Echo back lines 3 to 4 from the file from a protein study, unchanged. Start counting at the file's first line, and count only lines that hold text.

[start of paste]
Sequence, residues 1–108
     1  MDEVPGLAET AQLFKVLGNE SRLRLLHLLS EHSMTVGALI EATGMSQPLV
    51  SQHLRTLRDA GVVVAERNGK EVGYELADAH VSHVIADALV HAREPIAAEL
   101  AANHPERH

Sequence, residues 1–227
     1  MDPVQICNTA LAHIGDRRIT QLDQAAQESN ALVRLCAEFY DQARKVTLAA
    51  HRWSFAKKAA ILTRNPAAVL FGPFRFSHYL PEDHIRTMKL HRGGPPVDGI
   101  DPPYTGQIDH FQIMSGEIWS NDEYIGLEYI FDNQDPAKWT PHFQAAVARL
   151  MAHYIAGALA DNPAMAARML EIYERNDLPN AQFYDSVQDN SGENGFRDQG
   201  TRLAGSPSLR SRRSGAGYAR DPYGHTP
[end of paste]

    51  SQHLRTLRDA GVVVAERNGK EVGYELADAH VSHVIADALV HAREPIAAEL
   101  AANHPERH